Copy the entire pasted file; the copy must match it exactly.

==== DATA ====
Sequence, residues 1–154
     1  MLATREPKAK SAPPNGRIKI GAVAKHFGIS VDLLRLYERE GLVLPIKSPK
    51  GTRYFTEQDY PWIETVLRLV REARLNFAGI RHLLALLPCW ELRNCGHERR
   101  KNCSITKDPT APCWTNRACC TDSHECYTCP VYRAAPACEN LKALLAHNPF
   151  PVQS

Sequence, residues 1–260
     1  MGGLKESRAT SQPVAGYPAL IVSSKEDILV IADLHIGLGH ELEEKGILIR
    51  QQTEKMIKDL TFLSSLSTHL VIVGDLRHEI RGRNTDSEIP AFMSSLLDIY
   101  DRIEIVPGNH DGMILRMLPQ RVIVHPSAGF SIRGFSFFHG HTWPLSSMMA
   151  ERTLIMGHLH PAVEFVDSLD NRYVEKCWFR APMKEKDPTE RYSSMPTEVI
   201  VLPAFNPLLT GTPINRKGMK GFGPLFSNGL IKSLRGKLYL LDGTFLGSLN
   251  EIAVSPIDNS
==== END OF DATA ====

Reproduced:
Sequence, residues 1–154
     1  MLATREPKAK SAPPNGRIKI GAVAKHFGIS VDLLRLYERE GLVLPIKSPK
    51  GTRYFTEQDY PWIETVLRLV REARLNFAGI RHLLALLPCW ELRNCGHERR
   101  KNCSITKDPT APCWTNRACC TDSHECYTCP VYRAAPACEN LKALLAHNPF
   151  PVQS

Sequence, residues 1–260
     1  MGGLKESRAT SQPVAGYPAL IVSSKEDILV IADLHIGLGH ELEEKGILIR
    51  QQTEKMIKDL TFLSSLSTHL VIVGDLRHEI RGRNTDSEIP AFMSSLLDIY
   101  DRIEIVPGNH DGMILRMLPQ RVIVHPSAGF SIRGFSFFHG HTWPLSSMMA
   151  ERTLIMGHLH PAVEFVDSLD NRYVEKCWFR APMKEKDPTE RYSSMPTEVI
   201  VLPAFNPLLT GTPINRKGMK GFGPLFSNGL IKSLRGKLYL LDGTFLGSLN
   251  EIAVSPIDNS